“No, it was a couple of years before then. I met Harlan in 1996, 95. You talk about a hoot of a character, a human being. When I first met him I was kind of joking with him because we were at a bar called Sammy B’s down on Music Row, and Mr. Howard walks up and says, ‘Excuse me there, son.’ I said, ‘Yes sir?’ He said, ‘You’re in my chair.’ I was like, ‘Well, I don’t see your name on it,’ joking around. He goes, ‘It’s right there, you son of a buck.’ And, it was an actual brass plate that said, ‘This seat reserved for Harlan Howard.’ He was not kidding. I said, ‘Forgive me.’ So, we started talking and he asked, ‘So, what do you do?’ I said, ‘Oh gosh, man, I’m a waiter this week.’ He goes, ‘What do you mean?’ I said, ‘You know, I want to be a songwriter. I want to be a singer, the whole nine yards just like everybody else, but this week I’m waiting tables.’ He said, ‘Okay.’

Well, for some reason, his heart was kind of turned towards me. I have no idea why. He kind of sat there and said, ‘I want you to come down to my office and meet me and I want you to come play for me, and want to see what your stuff is, what you do.’ I went down there and played, and he told me that I wasn’t very good. I asked him how to fix it, and he kind of shared that with me. He gave me a little template for writing, and told me to go and write 40 songs and bring him the last ten. The last song I wrote, he had on hold within a week with Patty Loveless. I was walking sideways. I’m glad I didn’t go and buy a truck or anything, because she never cut it. But just to hear him say, ‘Now this is some material, son. Let’s go get this one demoed. We’ll demo this tomorrow.’ So the next day we’re in the studio, and the next day he’s got it on hold. So, that’s pretty amazing stuff.”     

Another notable songwriter in Nashville died not long ago with George McCorkle, an original member of the Marshall Tucker Band. There are definitely some southern rock influences in your music. Did you listen to a lot of southern rock when you were coming up?

Oh yeah, man absolutely. Well, I was about to say that it kind of seems like it has to be, but I guess it doesn’t.  But for me, I was more southern rock growing up than I was country, which I think kind of makes me more redneck than cowboy. Which, I don’t mind. You can call me whatever you want to. I’m not redneck and I’m not a true cowboy. But, it is so funny how people perceive us in this rural aspect of life. You know, ‘Bless their hearts, they’re in the dark and they can’t read and they’re all inbred, and whatever.’ I mean, it’s kind of comical. But, I don’t mind it because I feel like we are the ones secretly living a life that if they knew they could live, they’d come and destroy it. So, let them have it. Let them look as far and as long down their nose as they want to.”

What southern rock bands were your favorites?

“38 Special. The Allman Brothers. Charlie Daniels was country, but to me he was southern rock. I thought Johnny Lee had a little bit of a rock feel to him. And then, I liked James Taylor and the Eagles. For some reason when I was younger I liked the harmony things. The harmony (singing) struck me. I think it was because I had so much trouble singing them.”

Did you listen to any bluegrass music when you were younger?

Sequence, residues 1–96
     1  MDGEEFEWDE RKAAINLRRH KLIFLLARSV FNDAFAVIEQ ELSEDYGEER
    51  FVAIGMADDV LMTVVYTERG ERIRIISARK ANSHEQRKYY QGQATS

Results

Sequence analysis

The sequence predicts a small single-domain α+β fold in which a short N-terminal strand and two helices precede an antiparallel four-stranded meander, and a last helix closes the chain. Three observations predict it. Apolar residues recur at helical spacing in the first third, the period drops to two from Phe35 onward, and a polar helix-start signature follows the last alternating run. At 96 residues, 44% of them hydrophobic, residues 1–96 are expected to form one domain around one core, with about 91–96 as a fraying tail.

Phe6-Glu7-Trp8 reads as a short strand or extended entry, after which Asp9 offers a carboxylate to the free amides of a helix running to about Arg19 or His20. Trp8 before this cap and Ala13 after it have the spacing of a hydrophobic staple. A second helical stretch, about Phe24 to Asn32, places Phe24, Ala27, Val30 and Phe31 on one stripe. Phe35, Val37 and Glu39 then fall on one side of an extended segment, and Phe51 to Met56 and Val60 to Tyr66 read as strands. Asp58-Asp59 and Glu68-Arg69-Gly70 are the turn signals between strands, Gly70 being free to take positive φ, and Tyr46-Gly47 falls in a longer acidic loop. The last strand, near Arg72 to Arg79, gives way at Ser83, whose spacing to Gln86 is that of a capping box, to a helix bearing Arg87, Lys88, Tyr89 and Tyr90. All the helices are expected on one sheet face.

“No. My Papa kind of listened to some. Man, when I was a kid, if it didn’t thump.. and that was just a part of me being a kid. I’ve always been able to appreciate anything good, or anything that was unique. You know, I could appreciate Pearl Jam when they came out and made that revolution. Did I listen to them and buy their records? Absolutely not. But, I can definitely appreciate the sound. It was unique. It was the same way with bluegrass. It’s definitely something that I can easily get into and appreciate. But is it something that I want to listen to every day? No.”

Tell me about your latest album.

 “The new record, I am so jacked up about it. I don’t know if you could ever find any place in print anywhere that I have said ‘This is the best record I’ve ever made.’ But, I’m telling you right now, if this is the last record I ever have to make in my life, or the last one that I get to make in my life, I’ll going to be doing fine. This record that we’re recording right now, we go back into the studio on Monday morning and cut the last half of the album, and I am pretty jazzed up about it. We already have a single out from it called ‘What Kinda Gone.’”

Why is this fourth album going to be so good?


“You know….I don’t know. Well, Scott Hendricks is at the helm. He is co-producing it with me. And, he’s different, and it is a good ‘different.’ He approaches things very, very meticulously. For example, Scott knows today what we’re cutting on Monday morning. I don’t even know what key it’s in. I haven’t even listened to it. I’ll listen to it on the way in. Because, if I listen to something over and over again and get married to it, then I’ll have no open mind to anything that’s fixin’ to change. If I listen to a demo over and over and all of a sudden I’m like, ‘I love this song,’ and then I go in and the guys want to play it different, I’m like, ‘Hell no.’ The thing is, I’d never know what I could be missing. I could be missing a great change or a great addition to the song, but I’m so closed off to it. That’s why I would love to just go in and play the songs acoustically. Then, let them sit and pick it out and start playing and it would all fall into place.